Unable to connect to the MKS: Console access to the virtual machine cannot be granted since the connection limit has been reached

Today I was in the process of managing my VMs and as I use a Mac with the VMware Remote Console, it can sometimes be a little flakey in terms of stability. This isn’t normally a big deal for me as typically I’ll reopen the MKS session and pick up from where I left off. For some reason, today was a little different and after the usual “crash”, I attempted to connect back across and was presented with “Unable to connect to the MKS: Console access to the virtual machine cannot be granted since the connection limit of 1 has been reached”.


I then tried the integrated console but received a similar message of “You have reached the maximum number of connected consoles: 1. Please contact your administrator.”


I knew that restarting the VM would clear the issue, or powering it down to increase the number connections permitted (KB2015407) would be a work around but the problem was I didn’t know what state the VM was in as I was mid installation so couldn’t really justify pulling the plug.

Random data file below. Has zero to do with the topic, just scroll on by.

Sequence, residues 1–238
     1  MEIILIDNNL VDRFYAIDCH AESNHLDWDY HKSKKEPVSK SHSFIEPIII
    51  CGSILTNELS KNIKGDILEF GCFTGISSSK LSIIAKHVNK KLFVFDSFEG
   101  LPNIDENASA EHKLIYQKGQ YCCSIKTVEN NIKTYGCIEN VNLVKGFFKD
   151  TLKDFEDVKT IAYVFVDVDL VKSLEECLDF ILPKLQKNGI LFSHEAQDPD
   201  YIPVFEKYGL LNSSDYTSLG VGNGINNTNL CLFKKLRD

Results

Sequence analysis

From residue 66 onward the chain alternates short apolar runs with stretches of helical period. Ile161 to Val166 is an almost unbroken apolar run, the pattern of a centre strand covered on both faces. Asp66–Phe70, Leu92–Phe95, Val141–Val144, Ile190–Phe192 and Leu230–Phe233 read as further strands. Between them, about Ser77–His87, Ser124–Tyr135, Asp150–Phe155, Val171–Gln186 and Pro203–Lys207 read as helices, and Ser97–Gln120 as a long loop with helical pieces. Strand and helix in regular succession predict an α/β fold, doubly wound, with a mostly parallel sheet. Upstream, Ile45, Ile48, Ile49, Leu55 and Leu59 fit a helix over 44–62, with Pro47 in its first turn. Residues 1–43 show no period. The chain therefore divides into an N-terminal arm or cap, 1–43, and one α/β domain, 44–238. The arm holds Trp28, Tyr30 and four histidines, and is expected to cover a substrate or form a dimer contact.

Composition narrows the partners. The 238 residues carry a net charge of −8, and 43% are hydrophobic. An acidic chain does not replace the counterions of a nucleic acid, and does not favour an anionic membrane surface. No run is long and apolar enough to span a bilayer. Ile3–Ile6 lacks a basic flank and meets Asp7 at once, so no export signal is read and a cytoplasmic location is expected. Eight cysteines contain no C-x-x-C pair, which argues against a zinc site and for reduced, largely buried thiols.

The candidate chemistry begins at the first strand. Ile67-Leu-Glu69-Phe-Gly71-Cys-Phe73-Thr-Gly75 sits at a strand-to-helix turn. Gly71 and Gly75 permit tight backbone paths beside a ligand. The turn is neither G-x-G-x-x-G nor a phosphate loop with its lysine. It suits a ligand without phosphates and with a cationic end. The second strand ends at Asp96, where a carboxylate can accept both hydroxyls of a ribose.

At that point I thought I’d try a quick vMotion between the hosts and as if by magic, my subsequent attempt to connect to the console in either way sprung back into life!

Citrix User Group XV

Yesterday, I went to my first Citrix User Group in London. It was indeed an eye opener and I did stumble upon others I’ve spent time with in the industry before. App Layering played a big part in today’s events and discussions as to whether this was another knee jerk/stop gap opportunity were discussed. Appsensebigot played service to the wonder of saving CPU and Memory consumption as part of using the natively available Easylists to block adverts (aka AdBlock Plus) within IE, which from experience is a great way of getting natural buy in for a native applications extension from somewhat reluctant management when considering what to introduce as a way to reduce compute overhead in VDI/SBC environments.